Histology. Cirrhosis was definitively identified in the biopsy specimens from all but 2 patients who had advanced bridging fibrosis and clinical findings of cirrhosis, suggesting sampling error in the biopsy. None had features such as lymphoid aggregates or plasma cell infiltration to suggest a viral or autoimmune process. Two of the cases demonstrated occasional features consistent with focal steatohepatitis in the setting of otherwise-unremarkable regenerative nodules. Seventeen cases had simple steatosis in less than 30% of the hepatocytes, and 3 cases had more substantial steatosis without features of steatohepatitis. Although suspicious for associated NASH, these findings had been deemed as inadequate to make this diagnosis during the patient’s initial evaluation. Thirteen of the cases had no inflammatory activity, 24 cases demonstrated minimal activity, and 4 cases had mild activity. The inflammatory infiltrate in the latter consisted predominantly of small lymphocytes in fibrous bands. Mallory hyaline was present in 6, but only 2  of these had associated macrosteatosis (<30% in both), and none were felt to meet criteria diagnostic of NASH.

Comparison Groups. Because diabetes may be secondarily associated with cirrhosis,31 we determined the prevalence of diabetes mellitus in 39  age-selected nonalcoholic patients with cirrhosis from hepatitis C and 33 consecutive cirrhotic patients with PBC. Both diabetes mellitus and obesity were significantly more common in the cryptogenic and NASH patients compared with either the patients with cirrhosis caused by hepatitis C or those with cirrhosis caused by PBC (table 3). There was no significant difference in diabetes or obesity prevalence between the cryptogenic group and the NASH patients, although the NASH patients were significantly younger than the cryptogenic cirrhosis patients by approximately 10 years. These comparisons are summarized in table 3.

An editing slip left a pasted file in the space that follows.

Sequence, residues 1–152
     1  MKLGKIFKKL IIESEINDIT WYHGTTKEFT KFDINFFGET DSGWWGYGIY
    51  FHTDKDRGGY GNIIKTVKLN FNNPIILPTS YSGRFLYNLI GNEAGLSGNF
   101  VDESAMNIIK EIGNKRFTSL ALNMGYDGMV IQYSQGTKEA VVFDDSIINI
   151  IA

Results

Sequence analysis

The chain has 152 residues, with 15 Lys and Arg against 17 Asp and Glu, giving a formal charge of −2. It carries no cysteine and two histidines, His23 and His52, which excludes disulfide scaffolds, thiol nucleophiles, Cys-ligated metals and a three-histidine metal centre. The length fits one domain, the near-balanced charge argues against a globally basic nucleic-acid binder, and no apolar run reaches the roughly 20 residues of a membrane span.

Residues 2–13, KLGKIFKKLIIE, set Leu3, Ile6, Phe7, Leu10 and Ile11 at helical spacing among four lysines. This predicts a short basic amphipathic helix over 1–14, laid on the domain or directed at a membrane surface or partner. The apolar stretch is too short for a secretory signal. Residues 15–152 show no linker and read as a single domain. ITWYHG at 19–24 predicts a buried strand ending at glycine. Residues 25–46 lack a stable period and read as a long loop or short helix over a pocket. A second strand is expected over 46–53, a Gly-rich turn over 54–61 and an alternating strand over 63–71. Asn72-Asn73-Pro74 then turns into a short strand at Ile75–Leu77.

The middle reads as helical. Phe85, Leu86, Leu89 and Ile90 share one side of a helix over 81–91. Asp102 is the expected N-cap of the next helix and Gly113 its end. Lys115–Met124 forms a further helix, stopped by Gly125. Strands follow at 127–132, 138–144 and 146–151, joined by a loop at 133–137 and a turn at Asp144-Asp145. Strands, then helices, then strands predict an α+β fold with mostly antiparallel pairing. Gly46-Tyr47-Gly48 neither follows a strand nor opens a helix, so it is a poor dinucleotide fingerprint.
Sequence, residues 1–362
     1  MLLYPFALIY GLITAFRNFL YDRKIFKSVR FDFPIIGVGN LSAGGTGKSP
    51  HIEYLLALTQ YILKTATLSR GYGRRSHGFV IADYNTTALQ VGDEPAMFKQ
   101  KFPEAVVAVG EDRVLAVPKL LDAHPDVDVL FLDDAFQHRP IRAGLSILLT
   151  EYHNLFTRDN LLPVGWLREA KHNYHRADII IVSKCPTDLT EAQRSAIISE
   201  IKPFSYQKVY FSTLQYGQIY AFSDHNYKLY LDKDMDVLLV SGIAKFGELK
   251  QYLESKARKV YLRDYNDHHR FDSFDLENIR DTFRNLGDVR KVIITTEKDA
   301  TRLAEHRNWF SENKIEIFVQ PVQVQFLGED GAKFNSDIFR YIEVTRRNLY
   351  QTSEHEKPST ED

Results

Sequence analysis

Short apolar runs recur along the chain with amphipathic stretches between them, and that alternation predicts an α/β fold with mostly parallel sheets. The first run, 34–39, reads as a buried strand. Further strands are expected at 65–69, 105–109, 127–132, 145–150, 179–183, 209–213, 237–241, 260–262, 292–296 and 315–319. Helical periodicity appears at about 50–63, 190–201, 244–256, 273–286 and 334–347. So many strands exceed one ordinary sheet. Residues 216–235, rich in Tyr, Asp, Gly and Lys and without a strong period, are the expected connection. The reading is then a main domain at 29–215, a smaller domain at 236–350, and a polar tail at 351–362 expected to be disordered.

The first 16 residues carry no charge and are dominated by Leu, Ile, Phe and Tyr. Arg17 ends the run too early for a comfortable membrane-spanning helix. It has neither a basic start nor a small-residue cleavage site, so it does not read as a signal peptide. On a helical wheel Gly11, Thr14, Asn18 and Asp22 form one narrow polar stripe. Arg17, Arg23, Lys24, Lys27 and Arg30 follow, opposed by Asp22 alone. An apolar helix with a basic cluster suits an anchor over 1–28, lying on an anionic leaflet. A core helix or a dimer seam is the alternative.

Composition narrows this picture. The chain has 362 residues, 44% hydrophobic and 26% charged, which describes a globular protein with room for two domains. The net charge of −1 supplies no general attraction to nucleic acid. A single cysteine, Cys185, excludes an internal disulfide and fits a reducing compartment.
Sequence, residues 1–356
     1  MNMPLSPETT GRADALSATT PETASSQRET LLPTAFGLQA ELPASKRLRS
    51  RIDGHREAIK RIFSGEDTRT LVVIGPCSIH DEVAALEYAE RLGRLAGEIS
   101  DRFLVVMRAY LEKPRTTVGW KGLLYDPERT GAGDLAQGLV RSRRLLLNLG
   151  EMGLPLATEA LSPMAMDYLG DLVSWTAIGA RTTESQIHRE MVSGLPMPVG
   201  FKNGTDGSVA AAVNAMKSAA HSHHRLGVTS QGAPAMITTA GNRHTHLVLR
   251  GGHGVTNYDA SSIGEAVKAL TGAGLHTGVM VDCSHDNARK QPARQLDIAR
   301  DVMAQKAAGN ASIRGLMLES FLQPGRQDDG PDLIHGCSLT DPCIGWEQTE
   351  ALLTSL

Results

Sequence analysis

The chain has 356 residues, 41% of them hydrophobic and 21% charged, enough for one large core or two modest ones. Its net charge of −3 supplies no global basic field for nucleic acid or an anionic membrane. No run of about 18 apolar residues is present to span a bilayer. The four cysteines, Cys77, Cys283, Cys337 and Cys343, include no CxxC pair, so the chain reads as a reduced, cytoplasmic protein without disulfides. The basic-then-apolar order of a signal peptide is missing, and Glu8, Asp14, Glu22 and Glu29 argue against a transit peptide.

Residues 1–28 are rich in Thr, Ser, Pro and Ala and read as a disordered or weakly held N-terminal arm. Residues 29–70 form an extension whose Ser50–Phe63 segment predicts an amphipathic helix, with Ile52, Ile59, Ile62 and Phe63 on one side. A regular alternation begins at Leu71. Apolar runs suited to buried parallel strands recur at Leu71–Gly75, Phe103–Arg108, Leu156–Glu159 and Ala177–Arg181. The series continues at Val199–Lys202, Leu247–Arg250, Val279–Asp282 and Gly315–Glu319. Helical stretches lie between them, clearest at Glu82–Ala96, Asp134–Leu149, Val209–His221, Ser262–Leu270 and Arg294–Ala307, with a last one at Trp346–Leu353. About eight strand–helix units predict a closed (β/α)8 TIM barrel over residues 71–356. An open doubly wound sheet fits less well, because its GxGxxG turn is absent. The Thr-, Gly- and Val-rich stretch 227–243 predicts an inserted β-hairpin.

To View This table

table 3.   Comparison of Cryptogenic Patients With Controls



We observed that cryptogenic cirrhosis in this region is largely a disease of older females who present with mild or no liver enzyme abnormalities. This age and gender pattern is similar to prior studies of cryptogenic cirrhosis in other regions (Fig. 1).1,2,32,33 Although there is some diversity in the data presented in this report, we found that obesity and Type 2 diabetes were the most prevalent risk factors in cryptogenic cirrhosis. This suggests that many patients with cryptogenic cirrhosis represent advanced NASH.

Figure 1 small

View Larger Image

Fig. 1.   Current (black-square) and past series of cryptogenic cirrhosis. As in the current series, the majority of patients in past series have been females in the fifth and sixth decade with mild liver enzyme abnormalities (from Kodali [],1 Saunders [],2 DiBisceglie [],32 and Strauss33 []).